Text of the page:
3. Manpower. The fact that even an uncomplicated order takes a minimum of a month to complete is frankly abysmal. I cannot personally speak to Comcast, but I know Time-Warner, Comcast's predecessor, could generally complete an order for new service within a few days to a week at most. Now granted, uptime was poor and the time required for a service call to processed was long, and the cost wasn't exactly cheap either. But new service orders were prioritized because they realized that today they are campaigning, tomorrow you vote. Or to rephrase, you do not get a second chance at a first impression. Prompt and painless installation is an ideal first impression. That is 180 degrees opposite of what I experienced. It seems evident that not enough technicians were tasked with installing too many orders. Now I understand that to an extent, having too much business is a nice problem to have in most cases, but at some point you have to recognize that you are losing potential business to your competition when your competition can run circles around your delivery schedule.
  4. Teamwork and Empowerment. All of the groups that I interfaced with in getting this order completed were islands of assistance instead of being members of a support team. Me as a customer should not know nor should I have to care which group I was talking to. Getting some or all of the different players working together was a lost cause in many cases. There was a lot of "throwing it over the wall" going on. Sure they called the department involved and handed me off to them, but they promptly left to go help somebody else and washed their hands of me when they did. I got tossed over the wall. Each different department was very clear on the hard limits of their responsibilities and abilities. Flexibility and cross-training was apparently non-existent.
Now for something that I have learned:
  1. Frustration is sometimes counterproductive. I am not a patient person by nature. I do not like not knowing what is happening. I especially do not like dealing with people tasked with customer support who are not empowered to actually solve the problem. I tend to be the sort of person who, when confronted with a brick wall, will go around, over, under, or through the wall. Frustration tends to feed into that mentality. I become obsessed with the wall. My entire existance contracts to the wall. You cannot get around some walls. Some walls are part of a larger maze that forces you to follow a certain course. At some point I must learn to recognize which walls are surmountable and which are part of a maze.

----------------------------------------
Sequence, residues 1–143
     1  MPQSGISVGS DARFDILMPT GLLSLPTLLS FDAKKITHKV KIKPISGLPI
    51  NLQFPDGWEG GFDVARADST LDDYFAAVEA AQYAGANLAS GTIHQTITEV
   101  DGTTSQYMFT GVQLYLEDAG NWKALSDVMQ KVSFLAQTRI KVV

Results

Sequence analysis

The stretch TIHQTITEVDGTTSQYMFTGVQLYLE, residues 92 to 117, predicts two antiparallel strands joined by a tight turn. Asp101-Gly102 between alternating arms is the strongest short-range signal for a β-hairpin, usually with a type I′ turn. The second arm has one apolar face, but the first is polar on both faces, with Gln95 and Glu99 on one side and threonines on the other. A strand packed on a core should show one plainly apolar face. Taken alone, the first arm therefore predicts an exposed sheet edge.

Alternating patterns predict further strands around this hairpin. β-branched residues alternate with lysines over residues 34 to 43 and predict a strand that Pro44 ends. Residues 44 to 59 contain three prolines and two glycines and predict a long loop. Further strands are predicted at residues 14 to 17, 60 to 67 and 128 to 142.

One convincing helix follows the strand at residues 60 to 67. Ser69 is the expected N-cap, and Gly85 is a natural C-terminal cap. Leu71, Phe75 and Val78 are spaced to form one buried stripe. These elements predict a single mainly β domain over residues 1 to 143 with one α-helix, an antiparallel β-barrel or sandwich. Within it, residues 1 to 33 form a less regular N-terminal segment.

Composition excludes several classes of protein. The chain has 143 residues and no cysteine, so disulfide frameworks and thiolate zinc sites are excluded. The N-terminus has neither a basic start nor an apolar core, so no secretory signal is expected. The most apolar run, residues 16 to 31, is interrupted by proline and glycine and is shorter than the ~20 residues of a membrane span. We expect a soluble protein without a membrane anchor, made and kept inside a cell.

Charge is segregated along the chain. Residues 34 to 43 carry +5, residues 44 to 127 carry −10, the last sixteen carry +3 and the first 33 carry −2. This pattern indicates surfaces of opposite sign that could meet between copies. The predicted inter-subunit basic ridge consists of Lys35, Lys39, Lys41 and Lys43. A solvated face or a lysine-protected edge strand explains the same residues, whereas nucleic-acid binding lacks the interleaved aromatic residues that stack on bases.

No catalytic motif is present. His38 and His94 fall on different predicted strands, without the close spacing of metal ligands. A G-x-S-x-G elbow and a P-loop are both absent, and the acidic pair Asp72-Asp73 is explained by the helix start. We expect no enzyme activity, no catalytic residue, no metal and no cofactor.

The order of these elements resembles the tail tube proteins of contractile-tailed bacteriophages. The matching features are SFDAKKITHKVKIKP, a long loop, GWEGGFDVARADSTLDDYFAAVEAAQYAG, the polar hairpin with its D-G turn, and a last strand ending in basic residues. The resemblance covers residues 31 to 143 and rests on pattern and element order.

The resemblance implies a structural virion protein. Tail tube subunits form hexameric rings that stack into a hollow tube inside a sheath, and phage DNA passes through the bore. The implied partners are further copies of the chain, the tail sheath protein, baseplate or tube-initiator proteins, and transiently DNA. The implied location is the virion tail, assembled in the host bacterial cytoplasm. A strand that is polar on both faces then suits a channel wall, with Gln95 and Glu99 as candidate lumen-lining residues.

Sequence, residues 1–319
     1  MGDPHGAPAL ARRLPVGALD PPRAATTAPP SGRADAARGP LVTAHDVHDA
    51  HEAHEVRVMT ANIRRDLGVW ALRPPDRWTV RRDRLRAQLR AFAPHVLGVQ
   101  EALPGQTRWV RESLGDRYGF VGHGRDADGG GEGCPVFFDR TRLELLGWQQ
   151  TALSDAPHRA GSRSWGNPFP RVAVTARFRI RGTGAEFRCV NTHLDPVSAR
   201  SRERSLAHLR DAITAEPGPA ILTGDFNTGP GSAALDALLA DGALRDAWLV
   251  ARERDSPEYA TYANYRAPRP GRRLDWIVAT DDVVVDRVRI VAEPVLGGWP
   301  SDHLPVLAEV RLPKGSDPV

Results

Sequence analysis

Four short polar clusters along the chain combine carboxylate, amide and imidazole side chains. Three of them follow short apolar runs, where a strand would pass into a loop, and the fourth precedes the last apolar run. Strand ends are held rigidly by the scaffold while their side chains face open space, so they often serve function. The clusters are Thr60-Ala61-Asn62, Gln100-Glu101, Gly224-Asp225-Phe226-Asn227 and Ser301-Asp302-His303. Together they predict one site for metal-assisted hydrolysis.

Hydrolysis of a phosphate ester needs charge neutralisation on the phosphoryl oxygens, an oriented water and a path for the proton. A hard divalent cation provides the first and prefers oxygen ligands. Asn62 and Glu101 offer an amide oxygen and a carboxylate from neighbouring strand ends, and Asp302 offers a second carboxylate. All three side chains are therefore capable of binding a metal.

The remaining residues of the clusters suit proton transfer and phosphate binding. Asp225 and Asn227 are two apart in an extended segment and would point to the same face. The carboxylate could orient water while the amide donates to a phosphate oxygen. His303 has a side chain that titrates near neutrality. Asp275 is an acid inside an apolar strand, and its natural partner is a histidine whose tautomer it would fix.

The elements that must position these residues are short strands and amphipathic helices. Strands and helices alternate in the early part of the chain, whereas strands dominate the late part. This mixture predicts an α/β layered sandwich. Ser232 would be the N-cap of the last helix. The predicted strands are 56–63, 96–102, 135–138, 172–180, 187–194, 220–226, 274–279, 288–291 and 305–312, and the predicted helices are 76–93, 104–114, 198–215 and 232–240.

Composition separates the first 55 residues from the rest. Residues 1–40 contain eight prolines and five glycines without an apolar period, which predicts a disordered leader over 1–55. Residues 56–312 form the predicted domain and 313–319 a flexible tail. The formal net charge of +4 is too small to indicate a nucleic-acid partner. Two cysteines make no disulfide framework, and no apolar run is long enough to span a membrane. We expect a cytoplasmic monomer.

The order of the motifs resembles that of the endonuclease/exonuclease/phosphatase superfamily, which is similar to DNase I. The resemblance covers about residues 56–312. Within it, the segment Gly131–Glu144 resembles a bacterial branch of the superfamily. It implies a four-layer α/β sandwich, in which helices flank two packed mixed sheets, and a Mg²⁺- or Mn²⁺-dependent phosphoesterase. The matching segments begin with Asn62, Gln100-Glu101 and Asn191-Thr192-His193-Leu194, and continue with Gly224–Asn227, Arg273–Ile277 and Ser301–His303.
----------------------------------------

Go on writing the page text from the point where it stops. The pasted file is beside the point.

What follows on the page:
Monday, December 01, 2008

Day 10, The Uverse is gone, but the Suction Remains.

Thirteen hours.

That was how long my Uverse service was working
. On the 13th hour someone was dispatched to reconnect my DSL AFTER the Uverse service had finally been established. Of course they didn't TELL me they were coming to do so and so they were unable to complete the switch back to DSL because they could not gain access to the back yard, so they left the job half done. Then the DSL office, unlike the rest of AT&T, folded up the tent and went home over the Thanksgiving weekend and did not re-open until today. So again I have NO internet access at all. We are on day 10 of this misadventure.

The service, what little I was able to play with, was nice. The customer support on the other hand is abysmal and that is being far too kind. I cannot use the words I would really like to use for fear of being branded a pornographic site or hate speech site or worse. I would really like to know who in the corporate structure I can contact to vent my anger about this to. This really needs to be brought to the attention of the management. They cannot possibly be allowed to think that their operation is anything BUT dysfunctional in the extreme.